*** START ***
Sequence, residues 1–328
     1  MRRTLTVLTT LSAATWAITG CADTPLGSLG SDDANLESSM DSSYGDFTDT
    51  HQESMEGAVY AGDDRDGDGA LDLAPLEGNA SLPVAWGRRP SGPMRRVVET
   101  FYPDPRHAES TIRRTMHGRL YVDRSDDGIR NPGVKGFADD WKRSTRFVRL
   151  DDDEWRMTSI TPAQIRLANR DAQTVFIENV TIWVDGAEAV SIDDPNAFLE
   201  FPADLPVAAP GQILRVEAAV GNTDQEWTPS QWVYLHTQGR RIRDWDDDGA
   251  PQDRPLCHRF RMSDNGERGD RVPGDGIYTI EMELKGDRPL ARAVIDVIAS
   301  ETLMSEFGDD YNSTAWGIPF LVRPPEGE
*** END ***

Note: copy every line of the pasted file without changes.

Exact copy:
Sequence, residues 1–328
     1  MRRTLTVLTT LSAATWAITG CADTPLGSLG SDDANLESSM DSSYGDFTDT
    51  HQESMEGAVY AGDDRDGDGA LDLAPLEGNA SLPVAWGRRP SGPMRRVVET
   101  FYPDPRHAES TIRRTMHGRL YVDRSDDGIR NPGVKGFADD WKRSTRFVRL
   151  DDDEWRMTSI TPAQIRLANR DAQTVFIENV TIWVDGAEAV SIDDPNAFLE
   201  FPADLPVAAP GQILRVEAAV GNTDQEWTPS QWVYLHTQGR RIRDWDDDGA
   251  PQDRPLCHRF RMSDNGERGD RVPGDGIYTI EMELKGDRPL ARAVIDVIAS
   301  ETLMSEFGDD YNSTAWGIPF LVRPPEGE